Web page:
And it’s triggered another memory: My mother’s 75th birthday in Australia. She didn’t want to go to a restaurant but wanted a picnic on the headland overlooking the ocean. My brother and his wife’s family provided the goodies: every kind of seafood you can imagine—oysters, lobster, shrimp, Balmain bugs—a type of crab. Dipping sauces. A cheese platter, a fruit bowl. Several salads. And of course champagne and birthday cake. We sat and ate and drank and swam all day. Heaven.

Alas, I am married to a non-picnicker. He doesn’t like getting sand in his food, or bugs, or sitting uncomfortably on a blanket. If I pack a meal he wants to eat his in the car as we drive. No romance in his soul at all. I do manage to fit in a picnic when one of the kids is visiting or when we are on vacation. IN England these days it’s so easy with ready-made food at pret-a manger or Marks and Spencers who have wonderful pork pies, sausage rolls etc etc.  Hopefully we’ll be able to do that this fall when we go to England and France.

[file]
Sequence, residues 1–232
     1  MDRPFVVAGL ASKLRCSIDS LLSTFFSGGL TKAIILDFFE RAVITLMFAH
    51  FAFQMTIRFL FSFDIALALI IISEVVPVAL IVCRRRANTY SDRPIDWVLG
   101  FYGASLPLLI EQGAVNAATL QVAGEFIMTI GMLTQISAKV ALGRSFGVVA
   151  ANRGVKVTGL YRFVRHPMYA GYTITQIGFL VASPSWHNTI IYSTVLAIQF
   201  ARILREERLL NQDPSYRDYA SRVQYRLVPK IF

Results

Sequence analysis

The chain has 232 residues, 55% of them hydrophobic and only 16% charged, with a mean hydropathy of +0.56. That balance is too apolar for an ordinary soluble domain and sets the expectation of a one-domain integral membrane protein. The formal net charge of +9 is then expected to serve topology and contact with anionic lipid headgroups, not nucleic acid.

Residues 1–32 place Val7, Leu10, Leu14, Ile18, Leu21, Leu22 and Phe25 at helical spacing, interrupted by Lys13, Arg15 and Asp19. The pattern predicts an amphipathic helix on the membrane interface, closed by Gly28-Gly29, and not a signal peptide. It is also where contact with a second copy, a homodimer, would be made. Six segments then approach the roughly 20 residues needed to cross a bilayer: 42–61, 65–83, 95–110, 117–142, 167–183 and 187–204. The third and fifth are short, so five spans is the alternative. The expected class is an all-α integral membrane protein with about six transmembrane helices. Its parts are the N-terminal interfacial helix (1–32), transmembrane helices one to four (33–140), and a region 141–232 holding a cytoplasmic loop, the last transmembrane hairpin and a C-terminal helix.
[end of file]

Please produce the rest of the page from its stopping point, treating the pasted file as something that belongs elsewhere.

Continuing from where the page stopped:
So my ideal picnic would be:

Homemade sausage rolls

Baguette and brie

Assorted olives

Assorted salami etc

Maybe a quiche

Fruit in season

Dark chocolate

Okay, what have I left out?

So are you fans of picnics? What are your must-haves?

HANK PHILLIPPI RYAN: That sounds glamorous and wonderful, Rhys. And i do envy you! ! I, um, well, I hesitate to say, but I am not a picnic fan. Oh, I know, I am not romantic, or experimental, or flexible. Bugs, hard ground, no chairs, heat. No bathrooms, no ice. Bugs. Melty food.  Salmonella. Garbage. Unpredictable weather. Dirt, sand. Bugs.  Dirt.  May I go with your husband to a restaurant? Outdoors is fine, really, we can pretend it’s a picnic. Oh, look, it’s training! Nope, that’s just me and my wet blanket.